You have probably heard many of the sordid details of the Equifax breach, ranging from poor security maintainence to executive stock sales. The bottom line is that Regulation E protects consumers against fraud, but that does not preclude the fact that working through personal identity theft is cumbersome and violating.
Lawsuits are starting to pile, however.
The scenario that personal finance and credit experts feared most about the heist of consumer data from Equifax may already be underway.
Criminals are using the stolen information to apply for mortgages, credit cards and student loans, they’re tapping into bank debit accounts, filing insurance claims and racking up substantial debts, according to a major new class-action suit.
The suit pulls together dozens of individual complaints from consumers in all 50 states plus the District of Columbia.
It seems cybercriminals aren’t wasting time using the Social Security numbers, credit card accounts, driver’s license numbers and other sensitive personal information they siphoned out of the credit bureau’s reputedly secure databases on 145.5 million Americans.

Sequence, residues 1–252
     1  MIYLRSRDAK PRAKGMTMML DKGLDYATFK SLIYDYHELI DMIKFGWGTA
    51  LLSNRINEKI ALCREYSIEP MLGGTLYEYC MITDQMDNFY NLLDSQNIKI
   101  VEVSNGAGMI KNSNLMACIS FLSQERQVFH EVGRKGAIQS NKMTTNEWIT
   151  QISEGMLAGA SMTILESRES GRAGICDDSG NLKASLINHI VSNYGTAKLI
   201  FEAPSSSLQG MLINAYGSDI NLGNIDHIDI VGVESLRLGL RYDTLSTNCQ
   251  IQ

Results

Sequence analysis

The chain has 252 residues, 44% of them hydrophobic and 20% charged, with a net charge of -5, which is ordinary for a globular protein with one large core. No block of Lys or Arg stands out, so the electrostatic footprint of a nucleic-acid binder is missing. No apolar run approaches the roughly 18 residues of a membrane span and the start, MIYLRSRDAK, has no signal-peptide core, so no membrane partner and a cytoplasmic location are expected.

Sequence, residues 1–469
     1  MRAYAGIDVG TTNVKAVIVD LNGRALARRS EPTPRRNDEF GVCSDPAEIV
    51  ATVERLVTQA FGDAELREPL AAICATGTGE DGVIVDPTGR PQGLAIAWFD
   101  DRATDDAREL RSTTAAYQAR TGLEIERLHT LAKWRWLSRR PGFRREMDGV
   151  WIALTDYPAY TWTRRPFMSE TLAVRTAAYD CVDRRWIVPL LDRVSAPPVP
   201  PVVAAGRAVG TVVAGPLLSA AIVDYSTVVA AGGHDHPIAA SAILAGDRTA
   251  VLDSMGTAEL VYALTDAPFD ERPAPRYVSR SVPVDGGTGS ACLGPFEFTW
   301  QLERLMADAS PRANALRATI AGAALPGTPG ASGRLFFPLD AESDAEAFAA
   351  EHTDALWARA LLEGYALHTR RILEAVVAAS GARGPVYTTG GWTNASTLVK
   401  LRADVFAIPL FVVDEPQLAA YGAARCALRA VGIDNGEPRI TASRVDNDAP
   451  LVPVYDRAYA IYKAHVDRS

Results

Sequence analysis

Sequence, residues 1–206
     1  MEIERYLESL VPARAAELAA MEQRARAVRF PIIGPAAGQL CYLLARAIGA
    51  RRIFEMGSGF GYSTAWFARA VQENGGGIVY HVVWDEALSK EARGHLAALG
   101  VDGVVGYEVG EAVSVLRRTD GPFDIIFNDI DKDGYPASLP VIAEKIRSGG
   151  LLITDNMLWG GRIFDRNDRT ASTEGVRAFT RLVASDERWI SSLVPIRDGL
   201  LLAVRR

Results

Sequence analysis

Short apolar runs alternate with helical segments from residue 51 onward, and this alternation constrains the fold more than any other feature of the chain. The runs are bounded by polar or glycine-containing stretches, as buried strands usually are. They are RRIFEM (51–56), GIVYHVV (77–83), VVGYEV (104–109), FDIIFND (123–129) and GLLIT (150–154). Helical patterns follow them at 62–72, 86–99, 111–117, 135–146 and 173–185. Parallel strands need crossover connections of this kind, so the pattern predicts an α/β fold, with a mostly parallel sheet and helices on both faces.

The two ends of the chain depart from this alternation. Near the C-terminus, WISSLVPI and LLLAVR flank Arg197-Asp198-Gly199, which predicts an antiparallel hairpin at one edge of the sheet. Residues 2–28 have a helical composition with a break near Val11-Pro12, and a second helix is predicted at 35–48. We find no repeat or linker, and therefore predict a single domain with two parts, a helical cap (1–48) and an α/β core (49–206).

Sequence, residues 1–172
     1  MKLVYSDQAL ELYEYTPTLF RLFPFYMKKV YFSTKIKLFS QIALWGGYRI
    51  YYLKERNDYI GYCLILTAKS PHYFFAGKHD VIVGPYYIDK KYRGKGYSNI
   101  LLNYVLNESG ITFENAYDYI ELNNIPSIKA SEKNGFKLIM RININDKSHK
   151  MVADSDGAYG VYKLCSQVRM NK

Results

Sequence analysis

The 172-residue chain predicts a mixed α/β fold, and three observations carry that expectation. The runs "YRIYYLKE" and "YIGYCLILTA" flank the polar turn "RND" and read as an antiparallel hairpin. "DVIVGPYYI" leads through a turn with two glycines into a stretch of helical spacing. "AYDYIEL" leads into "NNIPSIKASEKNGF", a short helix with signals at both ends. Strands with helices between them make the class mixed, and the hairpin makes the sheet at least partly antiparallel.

Some claims bring valid concerns, others appear questionable. The fact is that the stolen information is sufficient to apply for new credit. They know your name, your social security number, your date of birth. The credit industry needs to overhaul their legacy Know Your Customer (KYC) program to ensure they Really Know Your Customer.
Some other claims do not make sense. It seems like some customers now claim fradulent charges. Since there were no exposed cardholder accounts, it is unlikely that this would be the case. Still vigilience is in order and there should be no hesitance in reporting questionable charges to the card issuer.
The bottom line is that the Equifax debacle is a mess, and many of the problems are self-imposed. With 145 million affected, it impacts almost the entire US adult population, except, ironically, most of the unbanked market. Consumers should not lose a dime, thanks to zero liability programs and Reg E, but they must be watchful. If your record does get abused, expect to put hours into it.
Overview by Brian Riley, Credit Credit Advisory Service at Mercator Advisory Group
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